What should be the ideal community platform? Should there be a different platform when you have few members vs when you scale to 1000 members?
The ideal community platform is the one your members are most familiar with. Most often, that actually means choosing the "least bad" option. The reality is most community-building platforms do one or two things well and suck at the rest. But at the end of the day, a platform needs to be able to answer 3 questions:
How are you going to keep track of all your members (e.g. see who's joining, who's active, and who needs to be removed, etc...)?
How are you going to communicate with them (one-on-one and also to small and large groups)?
How are they going to communicate with each other?
What's so magical about Trends Community?
The people. The peer group is just un-matched. I can't believe they let me hang out.
Not everything that can be counted, counts. So how do you measure what a successful community looks like?
There are some traditional measures, like growth of the community, or number of active users. But you've got to balance them with your own built-in sense of how healthy the group is. We're communal creatures. We're literally hard-wired to be very attuned to the health and well-being of a community. You can't measure that. But if you're serious about building a community for your business, it needs to be okay. Accountants always get nervous about this stuff, because there's often no clear ROI that you can tie directly to a community event. But if you're the one on the ground, hosting, you know they work. I've literally seen people pass up jobs at Google for less pay and less prestige in order to stick with a company that made them feel a real sense of connection. When you look at the cost of replacing that person, it's clear that there's a very real ROI to community work, even if it's hard to measure precisely. To any community manager battling with the bean counters for budget, my recommendation is this: Invite them to an event. Make them the VIP, and show them first-hand what's going on. Once they experience it first-hand, it will be easier to make your case with them.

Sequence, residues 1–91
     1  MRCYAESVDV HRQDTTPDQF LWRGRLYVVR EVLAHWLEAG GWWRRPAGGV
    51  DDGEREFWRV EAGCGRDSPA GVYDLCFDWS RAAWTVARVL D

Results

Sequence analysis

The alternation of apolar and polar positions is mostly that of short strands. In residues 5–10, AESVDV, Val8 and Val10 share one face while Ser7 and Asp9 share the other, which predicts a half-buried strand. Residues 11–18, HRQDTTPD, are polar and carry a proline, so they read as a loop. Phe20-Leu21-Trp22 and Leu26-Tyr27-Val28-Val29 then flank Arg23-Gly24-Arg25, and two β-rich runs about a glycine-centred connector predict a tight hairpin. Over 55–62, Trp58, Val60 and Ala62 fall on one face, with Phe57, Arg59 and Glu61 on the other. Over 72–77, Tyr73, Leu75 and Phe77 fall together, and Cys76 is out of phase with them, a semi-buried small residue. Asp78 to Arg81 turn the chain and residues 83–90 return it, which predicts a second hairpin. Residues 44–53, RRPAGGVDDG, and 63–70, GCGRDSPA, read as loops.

Advice for community builders.